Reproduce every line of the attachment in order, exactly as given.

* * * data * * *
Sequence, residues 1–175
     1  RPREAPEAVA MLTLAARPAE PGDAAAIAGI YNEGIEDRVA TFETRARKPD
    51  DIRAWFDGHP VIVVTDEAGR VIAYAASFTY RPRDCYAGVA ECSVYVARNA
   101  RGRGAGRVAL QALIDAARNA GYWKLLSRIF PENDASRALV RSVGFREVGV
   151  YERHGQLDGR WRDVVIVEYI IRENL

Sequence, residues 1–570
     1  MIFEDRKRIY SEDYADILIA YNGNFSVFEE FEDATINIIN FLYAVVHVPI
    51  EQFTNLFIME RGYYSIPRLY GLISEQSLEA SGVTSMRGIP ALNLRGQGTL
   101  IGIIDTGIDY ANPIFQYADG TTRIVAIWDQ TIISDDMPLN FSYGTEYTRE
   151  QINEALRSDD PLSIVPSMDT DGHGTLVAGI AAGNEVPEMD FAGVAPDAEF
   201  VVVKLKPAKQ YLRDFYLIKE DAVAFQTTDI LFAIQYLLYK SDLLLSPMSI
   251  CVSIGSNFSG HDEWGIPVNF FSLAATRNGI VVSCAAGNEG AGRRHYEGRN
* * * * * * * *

Sequence, residues 1–175
     1  RPREAPEAVA MLTLAARPAE PGDAAAIAGI YNEGIEDRVA TFETRARKPD
    51  DIRAWFDGHP VIVVTDEAGR VIAYAASFTY RPRDCYAGVA ECSVYVARNA
   101  RGRGAGRVAL QALIDAARNA GYWKLLSRIF PENDASRALV RSVGFREVGV
   151  YERHGQLDGR WRDVVIVEYI IRENL

Sequence, residues 1–570
     1  MIFEDRKRIY SEDYADILIA YNGNFSVFEE FEDATINIIN FLYAVVHVPI
    51  EQFTNLFIME RGYYSIPRLY GLISEQSLEA SGVTSMRGIP ALNLRGQGTL
   101  IGIIDTGIDY ANPIFQYADG TTRIVAIWDQ TIISDDMPLN FSYGTEYTRE
   151  QINEALRSDD PLSIVPSMDT DGHGTLVAGI AAGNEVPEMD FAGVAPDAEF
   201  VVVKLKPAKQ YLRDFYLIKE DAVAFQTTDI LFAIQYLLYK SDLLLSPMSI
   251  CVSIGSNFSG HDEWGIPVNF FSLAATRNGI VVSCAAGNEG AGRRHYEGRN